24/06/2009

Turning Point (by Bowering Sivers)

I'd never heard of Bowering Sivers. I wasn't sure I even believed her name was real when Amazon recommended this book highly to me. And, as it turns out, her real name is the much more likely-sounding Brenda Bowering. She's apparently well-known as a children's writer, which perhaps accounts for the modern and slightly bizarre-sounding psueudonym.

I was looking forward to a light, humorous novel when I started 'Turning Point', based on the reviews on the front cover, one line of which states: 'It bubbles with humour on every page.' The blurb on the back sounded good too: Ruth re-thinks her life, and has to decide what to do about two young men who come into her life....

Ruth is 44. As the novel opens, she is recovering from an unexpected heart attack. She is single, although she nearly got married over twenty years previously. But now she lives with her widowed mother, with whom she has a strange and somewhat co-dependent relationship. The heart attack is the catalyst for some re-thinking of her future, and an attempt to get out of the rut in which she finds herself... although she's reluctant to do so.

She's aided in this by a rather charming theatre director called Ian, one of the young men mentioned on the back. But she is equally hampered by her spoilt brother Matthew, who is a struggling and very selfish actor. While their mother seems to rely on Ruth and manipulates her into staying with her, it's Matthew who is given financial hand-outs and allowed to behave as badly as he wishes. I really didn't like Matthew at all.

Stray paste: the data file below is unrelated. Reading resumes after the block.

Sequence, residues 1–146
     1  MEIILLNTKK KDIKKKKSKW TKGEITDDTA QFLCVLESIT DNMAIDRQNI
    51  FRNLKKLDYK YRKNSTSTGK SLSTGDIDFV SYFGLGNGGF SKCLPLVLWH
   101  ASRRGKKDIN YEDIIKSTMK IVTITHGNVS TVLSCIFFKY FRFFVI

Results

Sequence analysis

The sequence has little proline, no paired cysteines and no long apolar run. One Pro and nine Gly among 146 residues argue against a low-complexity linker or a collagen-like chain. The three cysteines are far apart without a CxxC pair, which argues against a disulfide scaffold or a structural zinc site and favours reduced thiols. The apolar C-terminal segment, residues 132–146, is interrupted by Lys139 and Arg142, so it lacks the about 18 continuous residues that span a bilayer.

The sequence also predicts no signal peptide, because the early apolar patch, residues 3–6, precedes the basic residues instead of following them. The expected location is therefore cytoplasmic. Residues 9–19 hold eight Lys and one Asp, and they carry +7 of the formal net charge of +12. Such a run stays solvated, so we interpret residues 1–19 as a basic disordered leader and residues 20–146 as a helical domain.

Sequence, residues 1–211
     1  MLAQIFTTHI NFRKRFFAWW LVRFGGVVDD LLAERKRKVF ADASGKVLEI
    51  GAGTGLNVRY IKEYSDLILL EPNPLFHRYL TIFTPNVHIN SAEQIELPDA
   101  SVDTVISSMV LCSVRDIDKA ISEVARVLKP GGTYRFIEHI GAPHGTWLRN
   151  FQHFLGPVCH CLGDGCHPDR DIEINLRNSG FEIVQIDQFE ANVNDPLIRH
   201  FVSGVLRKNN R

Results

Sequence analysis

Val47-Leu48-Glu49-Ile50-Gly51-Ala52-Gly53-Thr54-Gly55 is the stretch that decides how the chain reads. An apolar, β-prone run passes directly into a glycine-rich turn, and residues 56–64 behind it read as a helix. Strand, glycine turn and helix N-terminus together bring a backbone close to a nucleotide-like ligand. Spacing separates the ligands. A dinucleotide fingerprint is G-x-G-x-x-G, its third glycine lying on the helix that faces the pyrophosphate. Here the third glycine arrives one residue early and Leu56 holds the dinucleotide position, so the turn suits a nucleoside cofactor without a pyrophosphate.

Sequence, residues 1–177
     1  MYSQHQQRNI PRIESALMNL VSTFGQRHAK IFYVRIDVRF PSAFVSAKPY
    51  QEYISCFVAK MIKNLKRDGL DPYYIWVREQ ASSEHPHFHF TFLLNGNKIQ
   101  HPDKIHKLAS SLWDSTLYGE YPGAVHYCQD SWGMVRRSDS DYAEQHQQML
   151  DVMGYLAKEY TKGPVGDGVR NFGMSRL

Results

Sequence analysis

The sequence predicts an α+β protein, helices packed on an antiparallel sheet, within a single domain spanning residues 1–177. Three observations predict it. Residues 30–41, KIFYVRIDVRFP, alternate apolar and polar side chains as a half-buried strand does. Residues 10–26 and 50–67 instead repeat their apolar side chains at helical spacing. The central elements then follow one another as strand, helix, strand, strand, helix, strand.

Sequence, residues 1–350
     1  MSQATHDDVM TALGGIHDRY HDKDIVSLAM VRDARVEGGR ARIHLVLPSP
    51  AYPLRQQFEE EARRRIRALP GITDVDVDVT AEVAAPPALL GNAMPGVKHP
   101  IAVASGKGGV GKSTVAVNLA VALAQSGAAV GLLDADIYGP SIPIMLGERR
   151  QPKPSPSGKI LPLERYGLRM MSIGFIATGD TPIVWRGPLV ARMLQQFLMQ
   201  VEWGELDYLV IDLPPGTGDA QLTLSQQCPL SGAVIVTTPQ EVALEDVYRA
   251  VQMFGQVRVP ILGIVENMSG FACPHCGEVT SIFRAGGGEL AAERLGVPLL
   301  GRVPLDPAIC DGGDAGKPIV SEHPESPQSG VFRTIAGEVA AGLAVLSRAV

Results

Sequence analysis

I did like Ruth, however. Just as well, since it's her story. Unfortunately I found most of the other characters to be rather typecast and flat. The story flowed fairly well - I kept reading to find out what happened, although it wasn't the most inspiring writing - but I could see the climax of the book coming some time before it did. And I didn't find much to laugh about. Yes, Ruth's occaional ascerbic wit and terrible self-esteem sometimes made me smile, but I certainly didn't find any bubbly humour. Rather the reverse, I felt. Ruth's situation was quite depressing.

The ending then happened rather quickly, and much too neatly. I like threads being tidied up at the end of novels, but they didn't hang together in this book. Both Matthew and Ruth appeared to change character in the final pages,leaving me a little bewildered.

Still, it's not bad for light, easy reading, for anyone who enjoys women's fiction, particularly if you have any interest in the theatre. I was pleased that, compared to many modern novels there is very little bad language, and only a couple of fairly mild bedroom scenes.

I may well read it again in five or six years, and perhaps will like it better second time around. Most reviews I've seen of this book were overwhelmingly positive, so it's entirely possible I've missed something.

Review copyright Sue's Book Reviews, 24th June 2009

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